Using Tele Vue eyepieces did present another issue - the crown jewel of the Ethos line, the 21 mm, is an unusual focal length. Likewise, the high power Ethoi are in rather uncommon focal lengths and I suspected this is where Ethoi would yield their greatest advantage. Eyepiece Low/Medium/High pairings seemed impossible.
Then the idea occurred to me to run the comparison by assuming the use of commercially available barlows to get the closest focal length match possible. So why not just mathematically adjust focal lengths and field stops to create exact matches? Because observationally we can not do this and I wanted the comparison to match what a visual observer could replicate in the field.
Some may cry “foul!” in that 2” eyepieces and 2” barlows can be awkward and unlikely in actual use. This is true, but I would counter that if you want maximum field in a 2” eyepiece the 21 Ethos would be an unlikely choice with its unimpressive field stop. Remember, we are trying to create faux-Ethoi comparisons as best we can to see if and when the hyper-wide really does provide relevant advantage. And just for fun, I threw Plossls into the mix. So in the end I ended up with these match-ups:
- Low Power - 21 Ethos, 35 Panoptic with 1.7x Barlow, and 55 Plossl with 2.5x barlow;
- Medium Power - 13 Ethos, 13 Nagler T6, and 32 Plossl with 2.5x barlow; and
- High Power - 3.7 Ethos SX, 9 Nagler with 2.4x barlow, and 11 Plossl with 3x barlow.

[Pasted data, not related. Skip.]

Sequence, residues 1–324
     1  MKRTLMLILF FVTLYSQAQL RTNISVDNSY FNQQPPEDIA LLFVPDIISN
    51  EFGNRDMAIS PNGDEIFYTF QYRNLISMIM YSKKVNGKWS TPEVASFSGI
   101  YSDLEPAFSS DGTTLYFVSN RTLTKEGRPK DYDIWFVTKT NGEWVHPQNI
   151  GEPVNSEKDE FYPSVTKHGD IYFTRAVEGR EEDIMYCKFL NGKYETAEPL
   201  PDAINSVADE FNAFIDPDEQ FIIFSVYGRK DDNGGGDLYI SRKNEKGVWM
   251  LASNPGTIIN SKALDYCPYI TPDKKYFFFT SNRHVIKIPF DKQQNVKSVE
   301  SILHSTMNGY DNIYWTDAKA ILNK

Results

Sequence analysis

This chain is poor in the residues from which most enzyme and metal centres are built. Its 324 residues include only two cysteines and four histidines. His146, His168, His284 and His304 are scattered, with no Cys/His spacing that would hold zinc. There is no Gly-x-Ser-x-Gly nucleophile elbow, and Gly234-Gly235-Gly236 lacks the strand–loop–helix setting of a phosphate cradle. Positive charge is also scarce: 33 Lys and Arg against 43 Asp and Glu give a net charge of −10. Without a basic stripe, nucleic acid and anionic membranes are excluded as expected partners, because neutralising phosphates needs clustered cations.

This left me with the last choice: What constitutes adequate framing? Looking at the conventional world for answers was not helpful. For example, picture frames, phone bezels, and computer monitors are surrounded by rather thin borders. Clearly the telescopic observer wants a little more border to differentiate target from sky.
I considered the 50/50 approach, where the border widths equal the size of the object. But then we fail the basic mission of the eyepiece, which is to magnify. Simply put, at 50/50 it could be bigger and faced with a 50/50 situation most of use would reach for the next highest power eyepiece almost every time, barring horrible seeing conditions.
The answer suggested itself by the lowest common denominator of eyepiece used in this article, the Plossl. Four element eyepieces are not well corrected near the edges, particularly compared to more complex eyepieces. Using my own experience with Orthoscopics, Plossls, and Brandons the inner 75% of the field is reasonably sharp while aberrations grow pronounced beyond this. Therefore I decided an object that is smaller than 75% of a given true field is adequately framed.
Now let’s look at each category of eyepiece against the combined list of 2,405 DSO’s brighter than magnitude 12 and north of Declination -45.
Looking into the “low power” results one can see that at equal magnification all of the eyepieces do reasonably well. Had I been able to locate an appropriate 2” barlow and used the 31 Nagler, the Ethos advantage would have been slimmer yet.
At medium powers, we again see the standard widefield eyepiece (in this case, a Nagler) holding up well against the Ethos.
Things start to get interesting now that we get into the meat of the DSO size distribution curve. Clearly great news if you are upgrading from Plossls.
First and foremost, the vast majority of DSO’s - even bright DSO’s - are very small. Framing is primarily dictated by the focal length of the telescope in question. Once you choose your telescope, the battle is largely over. With a specific scope chosen eyepieces can help you within a small range, but they are not going to turn (for example) an 8” SCT into a RFT.